Onslaught of Ethiopian, Eritrean forces in Tigray has fuelled fears of deterioration of humanitarian crisis

Onslaught of Ethiopian, Eritrean forces in Tigray has fuelled fears of deterioration of humanitarian crisis


Ethiopian and Eritrean forces have captured Shire, a strategic city in Ethiopia’s Tigray region, in a sharp military escalation that has fuelled fears of a deteriorating humanitarian crisis and sent thousands of panicked civilians racing to escape the city this past weekend.

With Shire, Ethiopian government troops are in a stronger position to take major cities nearby – and are one step closer to the Tigrayan capital of Mekelle. The seizure of the city, which has a population of 100,000 locals and 60,000 displaced people – signals a worrying turn in a brutal, nearly two-year-long war that has killed an estimated half a million people and left millions more facing potential famine.

“We really don’t know what the fate of these hundreds of thousands of people is,” said Cameron Hudson, a senior associate at the Centre for Strategic and International Studies. “Are they going to be forcibly displaced? Are they going to be killed? Are they going to be ethnically cleansed from this area?”

Since the war first erupted in November 2020, it has been rife with reports of ethnic cleansing, sexual violence, child soldiers and other massacres. Both the Ethiopian government – which is allied with Eritrea – and the Tigray People’s Liberation Front have reportedly committed atrocities.

“They both have blood on their hands. There’s no question about that,” said Hudson. But there is “a pretty vast disparity in the number of atrocities, the degree of atrocities, committed by one side versus the other.”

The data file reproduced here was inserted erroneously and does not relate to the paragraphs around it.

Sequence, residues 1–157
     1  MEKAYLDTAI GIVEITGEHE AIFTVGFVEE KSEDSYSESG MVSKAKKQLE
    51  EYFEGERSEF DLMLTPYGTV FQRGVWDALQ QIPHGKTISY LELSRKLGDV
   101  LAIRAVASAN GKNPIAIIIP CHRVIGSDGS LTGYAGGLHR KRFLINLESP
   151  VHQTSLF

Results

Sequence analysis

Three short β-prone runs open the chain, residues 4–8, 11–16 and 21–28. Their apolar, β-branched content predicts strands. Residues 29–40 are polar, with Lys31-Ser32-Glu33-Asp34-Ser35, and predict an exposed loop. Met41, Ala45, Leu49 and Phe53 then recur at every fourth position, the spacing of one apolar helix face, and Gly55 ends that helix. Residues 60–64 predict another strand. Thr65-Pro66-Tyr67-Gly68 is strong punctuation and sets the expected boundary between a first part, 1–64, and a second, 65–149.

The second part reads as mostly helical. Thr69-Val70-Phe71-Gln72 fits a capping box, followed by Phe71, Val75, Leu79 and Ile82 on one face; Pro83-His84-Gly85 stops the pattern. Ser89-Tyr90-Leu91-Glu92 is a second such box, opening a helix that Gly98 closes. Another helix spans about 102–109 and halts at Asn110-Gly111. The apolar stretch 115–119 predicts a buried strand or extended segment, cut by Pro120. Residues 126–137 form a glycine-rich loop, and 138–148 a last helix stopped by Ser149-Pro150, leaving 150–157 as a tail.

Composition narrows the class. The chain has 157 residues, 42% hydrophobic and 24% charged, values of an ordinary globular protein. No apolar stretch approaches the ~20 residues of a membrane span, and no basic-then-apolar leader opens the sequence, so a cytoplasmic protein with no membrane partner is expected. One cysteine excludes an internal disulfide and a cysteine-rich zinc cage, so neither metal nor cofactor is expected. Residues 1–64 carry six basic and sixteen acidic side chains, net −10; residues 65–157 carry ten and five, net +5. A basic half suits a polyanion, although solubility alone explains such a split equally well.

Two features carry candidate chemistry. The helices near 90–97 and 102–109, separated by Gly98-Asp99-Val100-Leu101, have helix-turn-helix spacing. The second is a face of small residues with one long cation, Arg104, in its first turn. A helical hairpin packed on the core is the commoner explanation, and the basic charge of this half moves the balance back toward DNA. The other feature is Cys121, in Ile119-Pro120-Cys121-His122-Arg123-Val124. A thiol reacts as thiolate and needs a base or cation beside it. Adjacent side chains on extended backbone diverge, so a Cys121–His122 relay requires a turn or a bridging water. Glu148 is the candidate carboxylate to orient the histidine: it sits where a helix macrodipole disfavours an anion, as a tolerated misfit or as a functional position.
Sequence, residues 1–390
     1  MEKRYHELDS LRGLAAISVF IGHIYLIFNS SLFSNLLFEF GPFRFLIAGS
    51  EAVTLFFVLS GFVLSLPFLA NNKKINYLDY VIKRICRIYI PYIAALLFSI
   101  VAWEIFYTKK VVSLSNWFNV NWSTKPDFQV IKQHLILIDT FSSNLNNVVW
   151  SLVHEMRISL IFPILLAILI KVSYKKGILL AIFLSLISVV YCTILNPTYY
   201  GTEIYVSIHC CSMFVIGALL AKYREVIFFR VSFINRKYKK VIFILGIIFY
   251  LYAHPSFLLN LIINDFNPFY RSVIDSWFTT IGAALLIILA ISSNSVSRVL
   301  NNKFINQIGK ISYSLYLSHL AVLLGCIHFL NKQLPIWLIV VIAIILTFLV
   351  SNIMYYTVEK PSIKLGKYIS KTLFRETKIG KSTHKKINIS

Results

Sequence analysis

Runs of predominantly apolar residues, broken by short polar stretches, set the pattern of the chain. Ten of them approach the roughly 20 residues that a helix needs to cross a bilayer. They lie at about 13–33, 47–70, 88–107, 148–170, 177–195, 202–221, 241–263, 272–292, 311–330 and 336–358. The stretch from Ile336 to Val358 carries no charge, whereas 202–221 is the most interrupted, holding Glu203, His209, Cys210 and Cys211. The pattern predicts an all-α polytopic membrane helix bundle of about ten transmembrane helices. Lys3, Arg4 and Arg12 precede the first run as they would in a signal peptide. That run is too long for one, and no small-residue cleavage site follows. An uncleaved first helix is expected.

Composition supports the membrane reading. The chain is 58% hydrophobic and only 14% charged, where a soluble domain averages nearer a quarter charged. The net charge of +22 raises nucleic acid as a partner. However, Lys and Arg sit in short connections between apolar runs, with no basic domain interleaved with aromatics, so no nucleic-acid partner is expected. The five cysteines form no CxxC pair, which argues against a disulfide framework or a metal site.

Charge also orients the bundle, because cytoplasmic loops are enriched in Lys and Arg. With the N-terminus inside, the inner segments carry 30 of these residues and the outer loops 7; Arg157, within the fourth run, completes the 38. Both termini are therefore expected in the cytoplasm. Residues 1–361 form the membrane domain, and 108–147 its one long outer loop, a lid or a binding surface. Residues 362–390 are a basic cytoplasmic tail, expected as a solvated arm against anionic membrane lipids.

Trapped between the warring parties are vulnerable Tigrayan civilians, who have been suffering under a spiralling humanitarian emergency. A government blockade has prevented critical aid and key provisions from reaching Tigray, stripping hospitals of electricity, medical supplies like insulin, and fuel.

Millions are now on the verge of famine, and even kindergartens have been targeted by government airstrikes during the war.

“There’s been no electricity; there’s been no internet; there’s no banking services; there’s no postal services; there’s no healthcare; there’s no food delivery for two years,” said Hudson.

A humanitarian cease-fire collapsed when fighting broke out in August – and recent efforts to negotiate a new one have largely faltered, despite mounting global calls for peace. Eritrea has played a dominant role in the renewal of violence, with tens of thousands of Eritrean troops now participating in hostilities across the region.

“Hostilities in the Tigray region of Ethiopia must end now – including the immediate withdrawal and disengagement of Eritrean armed forces from Ethiopia,” UN Secretary-General António Guterres said. “There is no military solution.”

  • A Foreign Policy report
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